NOTE: By default, rsyslog will not poll for file changes every N seconds. Instead, it will rely on the kernel (via inotify) to poke it when files get changed. This makes the process quite realtime and scales well, especially if you have many files changing rarely. Inotify is also less prone to bugs when it comes to file rotation and other events that would otherwise happen between two “polls”. You can still use the legacy mode=”polling” by specifying it in imfile’s module parameters.

Queue and workers

By default, all incoming messages go into a main queue. You can also separate flows (e.g. files and system logs) by using different rulesets but let’s keep it simple for now.

For tailing files, this kind of queue would work well:


This would be a small in-memory queue of 10K messages, which works well if Elasticsearch goes down, because the data is still in the file and rsyslog can stop tailing when the queue becomes full, and then resume tailing. 4 worker threads will pick batches of up to 1000 messages from the queue, parse them (see below) and send the resulting JSONs to Elasticsearch.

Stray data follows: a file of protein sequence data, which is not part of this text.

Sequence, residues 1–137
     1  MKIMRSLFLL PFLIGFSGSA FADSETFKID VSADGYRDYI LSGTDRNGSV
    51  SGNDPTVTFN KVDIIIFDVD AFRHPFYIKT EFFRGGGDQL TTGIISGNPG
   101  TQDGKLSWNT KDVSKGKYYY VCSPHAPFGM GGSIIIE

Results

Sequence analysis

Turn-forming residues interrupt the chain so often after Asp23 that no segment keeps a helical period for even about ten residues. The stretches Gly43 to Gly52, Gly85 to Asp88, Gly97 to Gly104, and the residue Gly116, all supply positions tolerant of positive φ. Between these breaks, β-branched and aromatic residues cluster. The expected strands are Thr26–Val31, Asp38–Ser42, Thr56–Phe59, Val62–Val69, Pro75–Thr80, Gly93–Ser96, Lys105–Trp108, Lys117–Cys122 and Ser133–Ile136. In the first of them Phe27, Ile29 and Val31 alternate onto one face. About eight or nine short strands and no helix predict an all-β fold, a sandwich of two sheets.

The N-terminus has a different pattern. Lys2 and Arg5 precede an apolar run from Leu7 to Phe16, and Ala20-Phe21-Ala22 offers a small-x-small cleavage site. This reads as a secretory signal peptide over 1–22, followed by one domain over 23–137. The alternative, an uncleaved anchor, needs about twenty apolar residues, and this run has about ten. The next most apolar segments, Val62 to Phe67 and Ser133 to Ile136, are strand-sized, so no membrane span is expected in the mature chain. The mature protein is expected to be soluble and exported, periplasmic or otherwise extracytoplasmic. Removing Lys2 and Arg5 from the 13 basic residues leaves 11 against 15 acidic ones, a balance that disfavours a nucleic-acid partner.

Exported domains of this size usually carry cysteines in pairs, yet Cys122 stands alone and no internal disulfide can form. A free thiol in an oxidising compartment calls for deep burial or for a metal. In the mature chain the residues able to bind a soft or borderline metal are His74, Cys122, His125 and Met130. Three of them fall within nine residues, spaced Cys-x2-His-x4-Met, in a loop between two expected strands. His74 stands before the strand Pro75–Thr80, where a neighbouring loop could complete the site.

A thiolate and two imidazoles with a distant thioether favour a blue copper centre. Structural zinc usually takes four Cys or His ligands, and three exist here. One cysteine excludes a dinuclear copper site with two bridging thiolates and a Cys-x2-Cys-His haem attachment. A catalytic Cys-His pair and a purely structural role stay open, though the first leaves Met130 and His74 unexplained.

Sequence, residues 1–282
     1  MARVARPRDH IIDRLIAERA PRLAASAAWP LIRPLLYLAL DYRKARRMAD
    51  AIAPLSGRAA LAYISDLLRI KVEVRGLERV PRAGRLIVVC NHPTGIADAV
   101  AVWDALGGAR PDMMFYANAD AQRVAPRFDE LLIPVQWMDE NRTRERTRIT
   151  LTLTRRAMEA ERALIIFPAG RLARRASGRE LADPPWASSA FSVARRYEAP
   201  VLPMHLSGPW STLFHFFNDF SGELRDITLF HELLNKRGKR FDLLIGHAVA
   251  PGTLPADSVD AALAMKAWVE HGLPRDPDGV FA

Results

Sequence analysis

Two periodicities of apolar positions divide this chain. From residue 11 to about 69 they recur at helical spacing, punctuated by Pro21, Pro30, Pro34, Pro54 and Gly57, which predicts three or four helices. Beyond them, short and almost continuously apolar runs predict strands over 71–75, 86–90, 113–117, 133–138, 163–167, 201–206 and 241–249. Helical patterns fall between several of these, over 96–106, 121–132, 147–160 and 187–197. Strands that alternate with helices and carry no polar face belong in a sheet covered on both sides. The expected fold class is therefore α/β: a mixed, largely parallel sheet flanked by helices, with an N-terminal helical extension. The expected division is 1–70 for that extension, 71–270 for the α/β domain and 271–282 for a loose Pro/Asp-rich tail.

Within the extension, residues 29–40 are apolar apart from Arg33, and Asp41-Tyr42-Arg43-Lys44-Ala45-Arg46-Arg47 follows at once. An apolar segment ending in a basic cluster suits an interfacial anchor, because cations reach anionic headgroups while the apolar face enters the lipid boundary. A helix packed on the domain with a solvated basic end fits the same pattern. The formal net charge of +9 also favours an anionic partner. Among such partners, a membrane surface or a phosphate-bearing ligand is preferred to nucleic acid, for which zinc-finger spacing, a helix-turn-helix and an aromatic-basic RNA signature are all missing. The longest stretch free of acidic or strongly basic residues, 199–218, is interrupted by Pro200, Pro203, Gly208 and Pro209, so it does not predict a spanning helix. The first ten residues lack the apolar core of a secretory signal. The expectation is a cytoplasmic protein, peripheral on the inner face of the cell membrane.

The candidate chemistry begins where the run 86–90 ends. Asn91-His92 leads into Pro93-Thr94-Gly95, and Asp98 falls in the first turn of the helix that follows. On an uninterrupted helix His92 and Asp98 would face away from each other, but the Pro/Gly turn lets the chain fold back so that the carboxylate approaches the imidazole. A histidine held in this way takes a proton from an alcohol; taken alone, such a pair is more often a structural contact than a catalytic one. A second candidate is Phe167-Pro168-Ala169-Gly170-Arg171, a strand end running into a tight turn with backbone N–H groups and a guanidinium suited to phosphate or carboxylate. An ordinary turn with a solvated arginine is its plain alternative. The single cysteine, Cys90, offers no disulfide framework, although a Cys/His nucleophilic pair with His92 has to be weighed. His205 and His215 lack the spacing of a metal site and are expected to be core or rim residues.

If you need a larger queue (e.g. if you have lots of system logs and want to make sure they’re not lost), I would recommend using a disk-assisted memory queue, that will spill to disk whenever it uses too much memory:

  queue.highWatermark="500000"    # max no. of events to hold in memory
  queue.lowWatermark="200000"     # use memory queue again, when it's back to this level
  queue.spoolDirectory="/var/run/rsyslog/queues"  # where to write on disk
  queue.maxDiskSpace="5g"        # it will stop at this much disk space
  queue.size="5000000"           # or this many messages
  queue.saveOnShutdown="on"      # save memory queue contents to disk when rsyslog is exiting

Parsing with mmnormalize

The message normalization module uses liblognorm to do the parsing. So in the configuration you’d simply point rsyslog to the liblognorm rulebase:


where apache.rb will contain rules for parsing apache logs, that can look like this: